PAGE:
Faces of the homeless, previously homeless and those still struggling

by Lisa Kane of Akron Snow Angels

04/19/2018

I know I say it about EVERY interview, but I met another amazing person! He had a rough start, a hard childhood: his dad was in prison and his mom told him over and over he was nothing and would never be anything. She told him she never wanted him. Life is hard with supportive parents, but try doing it all on your own.

Yet, this man is so positive. He is so excited and enthusiastic to be helping others. He makes you feel happy when you talk to him. He’s smart and motivated. I’m very lucky that I had the chance to meet him.

Meet Gary.

 

Name: Gary

Age: 45

Hometown: Alliance, OH

 

Lisa Kane: What brought you to Akron?

Gary: I was born in Alliance, but spent most of my life in Florida. I came to Akron for a fresh start. I feel like God put me here. December 11, 2011 is my clean date. I used to be hooked on heroin and other narcotics really bad. For about four years in Florida I couldn’t get away from the “old Gary”: the people, places and things. God told me I should move so he could work on me.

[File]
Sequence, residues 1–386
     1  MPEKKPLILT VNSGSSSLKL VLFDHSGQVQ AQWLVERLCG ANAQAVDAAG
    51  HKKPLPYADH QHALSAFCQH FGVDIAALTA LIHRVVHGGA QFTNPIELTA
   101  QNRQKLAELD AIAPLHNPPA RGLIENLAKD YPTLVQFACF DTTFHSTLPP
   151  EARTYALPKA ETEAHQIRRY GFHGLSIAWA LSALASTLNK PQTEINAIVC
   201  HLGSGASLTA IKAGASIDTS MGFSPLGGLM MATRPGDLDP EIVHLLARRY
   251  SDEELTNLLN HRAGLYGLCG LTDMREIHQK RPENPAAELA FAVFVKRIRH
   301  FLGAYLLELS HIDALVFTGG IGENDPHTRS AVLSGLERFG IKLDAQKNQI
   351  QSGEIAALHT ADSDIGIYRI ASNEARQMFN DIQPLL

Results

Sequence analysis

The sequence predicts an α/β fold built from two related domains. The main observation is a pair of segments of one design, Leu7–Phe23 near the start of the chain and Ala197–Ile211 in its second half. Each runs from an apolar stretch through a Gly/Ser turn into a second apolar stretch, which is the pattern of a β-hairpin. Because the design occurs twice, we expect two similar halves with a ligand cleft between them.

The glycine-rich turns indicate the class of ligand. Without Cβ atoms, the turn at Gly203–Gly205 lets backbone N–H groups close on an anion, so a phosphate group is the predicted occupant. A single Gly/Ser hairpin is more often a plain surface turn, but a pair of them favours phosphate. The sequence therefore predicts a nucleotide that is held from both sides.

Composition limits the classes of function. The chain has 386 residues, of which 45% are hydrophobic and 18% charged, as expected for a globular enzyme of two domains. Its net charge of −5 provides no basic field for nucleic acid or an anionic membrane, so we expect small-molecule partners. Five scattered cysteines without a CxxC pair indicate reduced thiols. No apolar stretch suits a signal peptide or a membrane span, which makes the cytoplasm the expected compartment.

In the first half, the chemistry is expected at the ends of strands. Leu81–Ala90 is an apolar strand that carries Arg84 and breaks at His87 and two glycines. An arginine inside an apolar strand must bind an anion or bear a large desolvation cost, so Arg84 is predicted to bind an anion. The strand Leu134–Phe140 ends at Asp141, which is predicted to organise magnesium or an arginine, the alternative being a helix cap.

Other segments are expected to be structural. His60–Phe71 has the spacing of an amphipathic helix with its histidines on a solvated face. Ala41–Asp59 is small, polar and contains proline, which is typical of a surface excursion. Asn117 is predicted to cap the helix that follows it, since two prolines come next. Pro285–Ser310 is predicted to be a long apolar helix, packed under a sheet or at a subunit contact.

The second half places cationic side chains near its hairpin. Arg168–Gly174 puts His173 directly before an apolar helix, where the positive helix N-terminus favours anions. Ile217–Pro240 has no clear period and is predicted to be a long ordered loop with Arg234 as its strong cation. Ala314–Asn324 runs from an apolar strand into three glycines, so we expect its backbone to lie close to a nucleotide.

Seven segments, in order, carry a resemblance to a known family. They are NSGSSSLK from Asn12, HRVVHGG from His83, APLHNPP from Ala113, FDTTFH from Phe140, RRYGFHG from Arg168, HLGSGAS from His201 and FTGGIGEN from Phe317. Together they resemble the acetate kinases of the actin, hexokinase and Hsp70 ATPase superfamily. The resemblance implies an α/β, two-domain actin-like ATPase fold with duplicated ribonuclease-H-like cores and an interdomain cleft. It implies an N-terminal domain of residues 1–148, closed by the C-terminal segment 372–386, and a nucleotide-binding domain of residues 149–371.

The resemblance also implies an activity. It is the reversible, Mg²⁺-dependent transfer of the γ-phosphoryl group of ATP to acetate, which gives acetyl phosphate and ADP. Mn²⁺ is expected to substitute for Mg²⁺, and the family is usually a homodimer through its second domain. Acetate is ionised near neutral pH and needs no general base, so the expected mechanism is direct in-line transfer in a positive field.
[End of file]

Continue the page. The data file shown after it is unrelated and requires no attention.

Lisa: Occupation/Previous Occupation/Source of income?

Gary: Right now, it’s being a maintenance man at Second Chance Village. I do all kinds of construction work, making sure things are up to code. There is no income here. I get my tent and food while I’m here. Before, I worked for Tahoma Rubber in Barberton. I was diagnosed with a heart condition. I ended up losing my job because of it. Then I ended up losing my place to stay.

 

Lisa: How long have you been homeless?

Gary: It’s been about four months.

 

Lisa: What lead you to homelessness?

Gary: Being diagnosed with the heart condition and then losing my job and income. I have to go back to the hospital in a few days and be hooked up to the monitor again.

 

Lisa: Do you have family?

Gary: I still have some family in Alliance. We aren’t close though. I didn’t have the best family growing up. I really never had a support system. I was always told I’d never be anything. My dad had nothing to do with me my whole life. My mom always told me she didn’t want me and that I was a mistake. I had to take care of myself most of my life. I left home at sixteen.